There are a lot of games within the game of basketball.  Can we please stop acting like it’s all the same?  Yes the objectives of the game are the same. For the most part, the rules of the game are similar. However, there are differences in every team, even the ones at the same level. As coaches, we have to know how to play these games for our players and teams.

A quick, but not so quick side note.

Kids younger than 12 shouldn’t play 5 on 5.  Most of them aren’t strong enough make a pass from the top of the key to the wing, much less make shots consistently from anywhere outside the lane. I know there are a lot of debates about whether teams this age should be allowed to play zone.  I have no problem with them playing zone as long as it’s a 3 man zone.

Kids that age need more space to play effectively. Ten people on the court at one time is too many for their size, strength and skill set.  Not to mention, 94 feet is too far for them to run at that age.  They spend more time just running back and forth and not enough time actually getting to play the game.  Understanding transition and how to play in transition is certainly important.  At that age, they need as many opportunities to touch the ball as they can.

Back to the topic….

Men’s basketball and women’s basketball at the professional levels are different.  Men’s basketball is played above the rim. Women’s basketball isn’t.  Even at the college level, the games are different between the different levels and many times even within a level.  It doesn’t make one better than the other.  It only makes them different.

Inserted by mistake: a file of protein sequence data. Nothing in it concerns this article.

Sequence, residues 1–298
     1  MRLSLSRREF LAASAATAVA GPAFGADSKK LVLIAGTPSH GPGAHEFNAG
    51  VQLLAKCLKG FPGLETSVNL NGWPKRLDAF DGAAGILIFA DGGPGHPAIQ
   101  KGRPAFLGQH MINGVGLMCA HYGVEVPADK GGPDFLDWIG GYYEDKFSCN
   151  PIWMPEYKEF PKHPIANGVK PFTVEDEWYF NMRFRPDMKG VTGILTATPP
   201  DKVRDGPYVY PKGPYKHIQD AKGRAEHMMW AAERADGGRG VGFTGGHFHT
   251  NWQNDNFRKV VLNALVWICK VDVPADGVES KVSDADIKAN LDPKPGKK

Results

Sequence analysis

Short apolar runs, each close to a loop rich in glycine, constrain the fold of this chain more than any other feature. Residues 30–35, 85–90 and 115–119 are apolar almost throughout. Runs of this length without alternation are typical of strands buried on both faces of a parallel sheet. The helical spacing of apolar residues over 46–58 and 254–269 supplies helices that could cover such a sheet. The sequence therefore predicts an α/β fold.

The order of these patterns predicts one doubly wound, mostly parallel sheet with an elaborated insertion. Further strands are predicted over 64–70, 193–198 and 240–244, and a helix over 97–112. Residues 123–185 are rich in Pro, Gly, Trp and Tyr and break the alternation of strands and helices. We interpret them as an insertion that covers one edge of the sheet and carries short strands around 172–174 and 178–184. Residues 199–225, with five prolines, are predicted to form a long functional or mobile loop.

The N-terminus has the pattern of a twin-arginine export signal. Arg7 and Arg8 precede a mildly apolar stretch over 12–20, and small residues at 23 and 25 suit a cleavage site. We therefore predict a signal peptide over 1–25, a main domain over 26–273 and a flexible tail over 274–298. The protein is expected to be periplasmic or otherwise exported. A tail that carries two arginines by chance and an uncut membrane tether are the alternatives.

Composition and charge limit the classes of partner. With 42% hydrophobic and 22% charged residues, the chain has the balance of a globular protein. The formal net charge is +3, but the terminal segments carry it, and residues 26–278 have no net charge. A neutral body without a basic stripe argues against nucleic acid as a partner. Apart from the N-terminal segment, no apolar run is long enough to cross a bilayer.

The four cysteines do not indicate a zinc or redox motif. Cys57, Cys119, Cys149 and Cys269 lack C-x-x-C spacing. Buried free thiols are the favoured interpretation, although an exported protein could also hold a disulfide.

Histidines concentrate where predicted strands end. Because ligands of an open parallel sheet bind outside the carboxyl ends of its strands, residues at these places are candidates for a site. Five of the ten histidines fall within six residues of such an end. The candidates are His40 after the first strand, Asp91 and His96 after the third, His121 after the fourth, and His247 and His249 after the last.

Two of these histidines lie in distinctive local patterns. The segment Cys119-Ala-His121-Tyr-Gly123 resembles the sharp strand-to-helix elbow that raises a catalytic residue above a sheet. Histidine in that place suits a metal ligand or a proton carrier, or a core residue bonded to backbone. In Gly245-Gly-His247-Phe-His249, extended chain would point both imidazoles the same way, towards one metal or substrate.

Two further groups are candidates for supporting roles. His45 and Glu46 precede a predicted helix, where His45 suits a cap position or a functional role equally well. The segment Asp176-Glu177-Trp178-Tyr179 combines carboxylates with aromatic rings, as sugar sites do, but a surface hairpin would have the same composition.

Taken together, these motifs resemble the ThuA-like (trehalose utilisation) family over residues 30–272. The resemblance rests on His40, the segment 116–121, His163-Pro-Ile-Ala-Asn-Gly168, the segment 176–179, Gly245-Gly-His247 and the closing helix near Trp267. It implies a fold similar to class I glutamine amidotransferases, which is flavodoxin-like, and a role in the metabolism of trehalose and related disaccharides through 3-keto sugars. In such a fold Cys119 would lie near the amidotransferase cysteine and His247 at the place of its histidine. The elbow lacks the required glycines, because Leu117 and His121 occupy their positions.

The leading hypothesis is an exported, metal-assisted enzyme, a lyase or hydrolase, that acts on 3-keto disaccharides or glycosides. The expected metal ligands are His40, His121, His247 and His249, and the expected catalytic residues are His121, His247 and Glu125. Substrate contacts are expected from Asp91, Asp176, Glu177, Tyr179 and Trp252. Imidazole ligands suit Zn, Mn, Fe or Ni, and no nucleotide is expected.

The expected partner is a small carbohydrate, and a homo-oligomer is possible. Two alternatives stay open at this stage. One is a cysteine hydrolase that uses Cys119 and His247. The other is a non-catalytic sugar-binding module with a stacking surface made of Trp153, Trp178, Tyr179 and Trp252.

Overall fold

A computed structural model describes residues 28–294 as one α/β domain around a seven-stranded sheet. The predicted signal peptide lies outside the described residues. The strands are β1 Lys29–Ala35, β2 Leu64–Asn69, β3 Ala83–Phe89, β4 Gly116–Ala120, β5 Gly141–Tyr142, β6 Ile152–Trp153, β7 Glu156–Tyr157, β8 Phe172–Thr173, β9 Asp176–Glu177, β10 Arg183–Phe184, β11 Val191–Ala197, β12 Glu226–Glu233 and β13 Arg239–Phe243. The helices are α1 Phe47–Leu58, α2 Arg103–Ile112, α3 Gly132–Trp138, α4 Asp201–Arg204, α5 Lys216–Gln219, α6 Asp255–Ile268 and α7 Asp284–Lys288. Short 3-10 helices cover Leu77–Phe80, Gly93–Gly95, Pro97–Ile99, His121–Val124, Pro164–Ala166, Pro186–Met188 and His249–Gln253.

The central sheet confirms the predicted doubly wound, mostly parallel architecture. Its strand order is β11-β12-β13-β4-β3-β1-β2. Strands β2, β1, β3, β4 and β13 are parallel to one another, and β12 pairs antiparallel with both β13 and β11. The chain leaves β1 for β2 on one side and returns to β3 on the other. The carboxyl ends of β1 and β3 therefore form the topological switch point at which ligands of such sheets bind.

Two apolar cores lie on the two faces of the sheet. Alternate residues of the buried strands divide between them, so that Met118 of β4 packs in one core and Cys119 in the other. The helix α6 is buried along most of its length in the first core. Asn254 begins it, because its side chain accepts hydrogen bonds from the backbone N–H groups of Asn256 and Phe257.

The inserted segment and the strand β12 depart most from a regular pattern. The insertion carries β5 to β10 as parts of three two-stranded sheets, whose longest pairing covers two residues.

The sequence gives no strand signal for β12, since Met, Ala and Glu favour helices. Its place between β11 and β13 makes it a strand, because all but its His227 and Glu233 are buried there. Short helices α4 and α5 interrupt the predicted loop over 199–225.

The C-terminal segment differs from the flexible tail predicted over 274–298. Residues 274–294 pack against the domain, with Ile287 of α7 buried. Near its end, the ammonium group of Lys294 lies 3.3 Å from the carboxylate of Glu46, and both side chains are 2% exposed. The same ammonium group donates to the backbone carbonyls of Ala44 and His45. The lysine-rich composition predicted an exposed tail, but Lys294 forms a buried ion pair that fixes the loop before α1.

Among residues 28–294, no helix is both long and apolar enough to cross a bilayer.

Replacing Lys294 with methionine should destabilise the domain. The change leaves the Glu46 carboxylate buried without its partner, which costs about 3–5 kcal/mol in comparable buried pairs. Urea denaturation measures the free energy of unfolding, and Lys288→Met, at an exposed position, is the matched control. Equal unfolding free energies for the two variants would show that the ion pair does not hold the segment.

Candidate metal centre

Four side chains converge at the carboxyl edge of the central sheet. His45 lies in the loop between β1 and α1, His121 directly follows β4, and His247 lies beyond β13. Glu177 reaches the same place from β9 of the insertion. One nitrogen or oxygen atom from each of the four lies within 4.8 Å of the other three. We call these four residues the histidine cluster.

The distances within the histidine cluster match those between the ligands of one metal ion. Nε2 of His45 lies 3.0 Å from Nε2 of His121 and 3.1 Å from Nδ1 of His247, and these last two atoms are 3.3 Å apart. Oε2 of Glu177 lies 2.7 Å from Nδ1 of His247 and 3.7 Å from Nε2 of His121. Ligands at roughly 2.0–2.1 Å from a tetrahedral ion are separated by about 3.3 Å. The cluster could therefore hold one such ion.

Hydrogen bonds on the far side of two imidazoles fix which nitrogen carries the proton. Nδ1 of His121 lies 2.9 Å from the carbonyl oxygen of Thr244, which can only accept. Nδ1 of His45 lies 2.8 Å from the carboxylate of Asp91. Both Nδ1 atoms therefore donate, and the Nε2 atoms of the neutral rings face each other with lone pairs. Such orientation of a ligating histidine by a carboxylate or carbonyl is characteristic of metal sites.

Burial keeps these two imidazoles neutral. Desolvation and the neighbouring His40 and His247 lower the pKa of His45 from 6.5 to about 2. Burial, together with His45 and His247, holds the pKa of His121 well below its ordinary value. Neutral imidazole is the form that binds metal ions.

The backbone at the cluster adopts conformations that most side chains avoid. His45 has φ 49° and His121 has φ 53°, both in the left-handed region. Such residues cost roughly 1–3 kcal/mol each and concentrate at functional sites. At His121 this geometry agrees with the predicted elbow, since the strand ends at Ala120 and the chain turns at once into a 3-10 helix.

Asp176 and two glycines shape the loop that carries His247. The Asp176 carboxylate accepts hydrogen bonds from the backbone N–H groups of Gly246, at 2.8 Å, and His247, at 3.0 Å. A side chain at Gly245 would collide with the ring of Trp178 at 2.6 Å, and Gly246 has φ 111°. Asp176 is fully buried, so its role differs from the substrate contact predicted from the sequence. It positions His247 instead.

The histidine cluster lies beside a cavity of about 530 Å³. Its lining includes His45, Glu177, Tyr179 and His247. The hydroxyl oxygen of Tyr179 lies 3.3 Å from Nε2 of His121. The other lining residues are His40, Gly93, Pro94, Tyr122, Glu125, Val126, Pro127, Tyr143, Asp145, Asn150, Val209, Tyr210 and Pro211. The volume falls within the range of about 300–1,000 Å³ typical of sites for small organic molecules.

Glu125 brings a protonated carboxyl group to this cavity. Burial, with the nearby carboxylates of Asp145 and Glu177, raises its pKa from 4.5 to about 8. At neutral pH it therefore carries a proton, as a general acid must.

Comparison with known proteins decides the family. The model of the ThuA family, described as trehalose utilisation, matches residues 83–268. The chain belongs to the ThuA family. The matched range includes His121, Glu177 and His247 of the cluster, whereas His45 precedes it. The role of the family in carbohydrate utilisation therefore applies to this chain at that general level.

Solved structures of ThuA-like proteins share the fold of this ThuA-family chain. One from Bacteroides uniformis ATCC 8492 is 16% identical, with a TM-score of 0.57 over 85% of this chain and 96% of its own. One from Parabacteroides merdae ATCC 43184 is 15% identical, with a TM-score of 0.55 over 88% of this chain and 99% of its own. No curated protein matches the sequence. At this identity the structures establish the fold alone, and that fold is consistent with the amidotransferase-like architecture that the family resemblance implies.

So you’re probably thinking, “Thanks Captain Obvious.”

Then why isn’t it so obvious in how we coach and teach the game? Whether it’s in our skill development, X’s and O’s or our practice planning, just because our favorite coach or trainer did it, doesn’t mean that we should. It doesn’t mean we shouldn’t. It just means we need to think critically about our choices with our players and our teams and how what we do fits who we are coaching.

In most cases, simpler is better. Do they get better every day? Do they play hard? Do they play unselfishly? Anything after that is icing on the cake in most situations. So many teams don’t do these things well and therefore they aren’t nearly as successful in the things that they attempt to do.

I used to think every youth team should play man to man.  Before that, I thought every team should play man to man.  That is certainly my preference, but that doesn’t mean that fits every situation.

One season, our best defense was a box and one.  One of our best athletes struggled playing help side defense.  So we played zone and that player denied the other team’s best player.  For that team, for that season it worked.  The next season, our best player played a one man zone in the middle and everyone else played man to man.  It was more about keeping him out of foul trouble and letting him contest the rim.

The same goes for offense.  You can win 20 games a season with no plays and you can win 20 games in a season with 90 plays.  That’s not an exaggeration.  I’ve lived both experiences.

There are so many ways to play the game. There isn’t a one size fits all formula.  What do you know inside and out?  What can you teach?  How much time do you have? What can your players learn?

To truly teach anything well, it takes time and repetition. It’s our job to help our players win the games within the game.

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